“And that hasn’t been God’s plan for her,” Tessa said. “But she has been inspirational in the way that she never gives up and always gives her all, so just seeing that drive has been an inspiration for me to live my life.”
In addition to the four siblings who have pronounced mental and physical difficulties, Tessa mentioned that several others were recently found to have Fetal Alcohol Syndrome, which has led to medical and learning complications later in life.
Tessa said she always reminds herself that when things get rough, they “can always get worse.”
Tessa’s parents had no formal care taking experience prior to adopting their first chid. She shared that when they first started adopting, their five-bedroom house was not even handicap accessible.
“Over the years, they’ve been able to figure it out,” she said.
The Tennessee farmhouse that the Piety family currently lives in is handicapped-accessible. Tessa’s parents took on the project with the intention of hosting various camps and retreats on their property for hundreds of special needs children.
Tessa shared what she called a “fun fact” about her family: They have never accepted any government aid. “I think it’s pretty cool because they’ve been able to see God’s provision,” she said. “They always trusted and believed that God had put those children in our family for a reason.”
And that faith has had a major impact on her views of family: Though she has met her biological mother and has a relationship with her, Tessa is sure to point out that she is a member of the Piety family.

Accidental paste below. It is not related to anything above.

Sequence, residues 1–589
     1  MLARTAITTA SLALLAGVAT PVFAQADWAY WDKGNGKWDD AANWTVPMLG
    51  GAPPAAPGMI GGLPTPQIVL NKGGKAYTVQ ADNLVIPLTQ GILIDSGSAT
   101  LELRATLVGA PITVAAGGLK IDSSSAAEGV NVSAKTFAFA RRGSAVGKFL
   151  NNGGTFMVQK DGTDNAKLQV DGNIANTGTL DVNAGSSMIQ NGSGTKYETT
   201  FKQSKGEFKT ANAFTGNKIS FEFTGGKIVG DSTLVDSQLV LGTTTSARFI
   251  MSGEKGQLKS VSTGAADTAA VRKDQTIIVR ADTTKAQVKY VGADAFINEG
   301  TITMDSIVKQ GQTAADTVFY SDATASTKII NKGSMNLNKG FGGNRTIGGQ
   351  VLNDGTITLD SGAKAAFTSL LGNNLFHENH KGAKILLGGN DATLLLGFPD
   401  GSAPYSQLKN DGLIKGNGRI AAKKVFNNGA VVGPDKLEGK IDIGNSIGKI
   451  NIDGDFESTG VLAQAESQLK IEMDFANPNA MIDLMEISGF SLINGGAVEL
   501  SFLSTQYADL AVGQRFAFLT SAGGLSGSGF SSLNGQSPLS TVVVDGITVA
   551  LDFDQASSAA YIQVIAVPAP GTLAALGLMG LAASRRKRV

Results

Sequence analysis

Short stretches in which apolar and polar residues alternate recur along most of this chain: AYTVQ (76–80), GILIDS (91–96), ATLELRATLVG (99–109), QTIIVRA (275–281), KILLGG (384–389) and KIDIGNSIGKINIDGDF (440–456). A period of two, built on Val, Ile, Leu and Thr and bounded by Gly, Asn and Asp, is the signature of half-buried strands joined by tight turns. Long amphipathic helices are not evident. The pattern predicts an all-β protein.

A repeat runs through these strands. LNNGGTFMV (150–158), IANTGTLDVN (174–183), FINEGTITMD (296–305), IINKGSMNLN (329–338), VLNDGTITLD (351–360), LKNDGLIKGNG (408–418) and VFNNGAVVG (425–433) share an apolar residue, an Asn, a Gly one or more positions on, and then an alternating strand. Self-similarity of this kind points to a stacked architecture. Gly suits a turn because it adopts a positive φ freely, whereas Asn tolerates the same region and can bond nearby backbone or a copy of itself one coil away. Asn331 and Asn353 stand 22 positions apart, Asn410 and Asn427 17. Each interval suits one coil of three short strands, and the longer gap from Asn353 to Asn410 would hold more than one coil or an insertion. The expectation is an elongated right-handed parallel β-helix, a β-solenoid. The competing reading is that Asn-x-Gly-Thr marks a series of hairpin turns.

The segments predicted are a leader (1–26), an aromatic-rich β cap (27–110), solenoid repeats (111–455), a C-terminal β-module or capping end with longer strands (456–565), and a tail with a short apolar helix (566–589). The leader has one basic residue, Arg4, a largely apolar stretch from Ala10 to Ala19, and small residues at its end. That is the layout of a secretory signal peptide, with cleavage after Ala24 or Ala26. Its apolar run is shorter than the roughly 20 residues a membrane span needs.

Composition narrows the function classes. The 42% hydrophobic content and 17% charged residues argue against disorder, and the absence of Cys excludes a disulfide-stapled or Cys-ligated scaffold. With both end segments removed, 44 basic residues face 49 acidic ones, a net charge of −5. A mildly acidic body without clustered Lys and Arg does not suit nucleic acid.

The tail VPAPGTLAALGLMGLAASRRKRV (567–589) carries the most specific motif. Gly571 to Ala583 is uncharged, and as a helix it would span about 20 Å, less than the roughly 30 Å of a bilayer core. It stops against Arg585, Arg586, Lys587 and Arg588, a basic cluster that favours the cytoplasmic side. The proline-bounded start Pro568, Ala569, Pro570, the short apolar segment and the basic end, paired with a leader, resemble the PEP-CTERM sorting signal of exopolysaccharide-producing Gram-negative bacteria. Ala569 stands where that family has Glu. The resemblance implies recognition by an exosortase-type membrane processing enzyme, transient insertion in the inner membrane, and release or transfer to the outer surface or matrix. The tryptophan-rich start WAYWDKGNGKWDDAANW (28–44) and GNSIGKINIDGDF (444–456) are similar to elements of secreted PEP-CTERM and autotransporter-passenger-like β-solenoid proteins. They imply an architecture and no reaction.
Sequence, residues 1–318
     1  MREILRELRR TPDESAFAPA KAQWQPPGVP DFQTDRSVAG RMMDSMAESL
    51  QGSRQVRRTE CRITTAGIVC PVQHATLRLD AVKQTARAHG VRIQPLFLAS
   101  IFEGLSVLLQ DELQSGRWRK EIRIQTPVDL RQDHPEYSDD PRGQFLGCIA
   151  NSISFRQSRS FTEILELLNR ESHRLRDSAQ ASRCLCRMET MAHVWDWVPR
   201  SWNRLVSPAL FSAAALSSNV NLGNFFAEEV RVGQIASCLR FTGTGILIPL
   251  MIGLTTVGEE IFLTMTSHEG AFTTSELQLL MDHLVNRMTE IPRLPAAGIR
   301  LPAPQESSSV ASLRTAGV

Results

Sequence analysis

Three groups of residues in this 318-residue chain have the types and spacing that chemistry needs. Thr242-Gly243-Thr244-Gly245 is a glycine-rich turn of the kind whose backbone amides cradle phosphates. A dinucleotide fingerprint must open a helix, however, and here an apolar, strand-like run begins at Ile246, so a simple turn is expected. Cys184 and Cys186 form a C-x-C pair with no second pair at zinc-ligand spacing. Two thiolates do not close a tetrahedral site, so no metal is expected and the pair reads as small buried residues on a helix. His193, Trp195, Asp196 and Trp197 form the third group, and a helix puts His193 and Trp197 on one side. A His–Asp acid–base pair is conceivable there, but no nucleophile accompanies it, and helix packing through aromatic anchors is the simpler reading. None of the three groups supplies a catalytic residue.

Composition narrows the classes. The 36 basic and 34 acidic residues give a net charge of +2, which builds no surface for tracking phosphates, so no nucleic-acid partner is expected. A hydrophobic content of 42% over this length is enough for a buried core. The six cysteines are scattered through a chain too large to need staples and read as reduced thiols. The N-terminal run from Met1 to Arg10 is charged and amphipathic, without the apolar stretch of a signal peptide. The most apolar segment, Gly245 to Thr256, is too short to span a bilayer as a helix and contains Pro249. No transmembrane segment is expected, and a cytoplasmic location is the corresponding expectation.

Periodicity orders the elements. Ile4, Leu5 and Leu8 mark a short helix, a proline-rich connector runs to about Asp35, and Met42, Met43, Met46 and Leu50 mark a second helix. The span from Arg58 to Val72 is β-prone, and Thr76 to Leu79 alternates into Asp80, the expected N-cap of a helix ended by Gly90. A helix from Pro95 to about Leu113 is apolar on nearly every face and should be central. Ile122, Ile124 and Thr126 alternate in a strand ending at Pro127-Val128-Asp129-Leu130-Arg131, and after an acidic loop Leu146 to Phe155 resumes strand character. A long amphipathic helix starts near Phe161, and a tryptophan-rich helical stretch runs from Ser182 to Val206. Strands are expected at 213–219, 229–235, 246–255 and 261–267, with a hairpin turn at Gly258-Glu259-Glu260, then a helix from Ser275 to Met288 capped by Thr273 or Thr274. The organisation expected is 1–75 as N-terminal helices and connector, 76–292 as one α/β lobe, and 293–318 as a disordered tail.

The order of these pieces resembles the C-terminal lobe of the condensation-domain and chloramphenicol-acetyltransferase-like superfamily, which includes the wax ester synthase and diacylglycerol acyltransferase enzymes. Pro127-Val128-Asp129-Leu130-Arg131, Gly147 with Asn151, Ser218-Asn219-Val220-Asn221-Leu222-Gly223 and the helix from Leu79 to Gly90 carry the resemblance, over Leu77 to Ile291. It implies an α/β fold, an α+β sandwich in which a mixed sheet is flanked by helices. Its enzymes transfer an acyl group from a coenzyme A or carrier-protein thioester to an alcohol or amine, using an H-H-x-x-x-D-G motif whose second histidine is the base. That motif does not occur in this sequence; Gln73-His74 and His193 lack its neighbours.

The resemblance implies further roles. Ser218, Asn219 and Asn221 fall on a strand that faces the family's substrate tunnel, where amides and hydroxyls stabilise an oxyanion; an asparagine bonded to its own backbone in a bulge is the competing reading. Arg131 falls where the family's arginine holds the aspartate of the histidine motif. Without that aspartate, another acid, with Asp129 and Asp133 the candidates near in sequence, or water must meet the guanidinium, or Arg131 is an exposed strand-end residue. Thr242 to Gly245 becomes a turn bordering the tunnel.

“I greatly respect and appreciate that my birth mom had me and chose to go through my birth, but my adoptive parents are my parents,” she said. Tessa’s birth mother has six other children of her own, and Tessa has had the chance to meet them, too.
The Pietys’ faith and love have also formed Tessa’s views on motherhood as something biological and spiritual.
“I really want to be a mom,” she said. “And I honestly at this point don’t know how God will bring me the children. I would love to get pregnant and have a child, but there is such a need for children to be adopted that I am obviously not opposed to that.”
Tessa said that even if she is unable to have her own children, she would still like to adopt several children and “walk in life” with younger women through counseling and mentorship. She currently mentors three girls living in the inner city of Knoxville, Tennessee.
“It’s been a challenge getting them to trust and see that even though I don’t live in the inner city and didn’t grow up in that atmosphere, I still understand where they’re coming from,” she said. “But I feel like we’ve broken down that barrier in the past year.”
Tessa said the most rewarding part of the two-year mentorship has been being able to see her words take shape in the lives of those girls.
“I realize that you can have children yourself, which I want to do,” Tessa explained. “But there is something to be said about spiritually caring for children. I think that’s a really cool thing to have the opportunity to do.”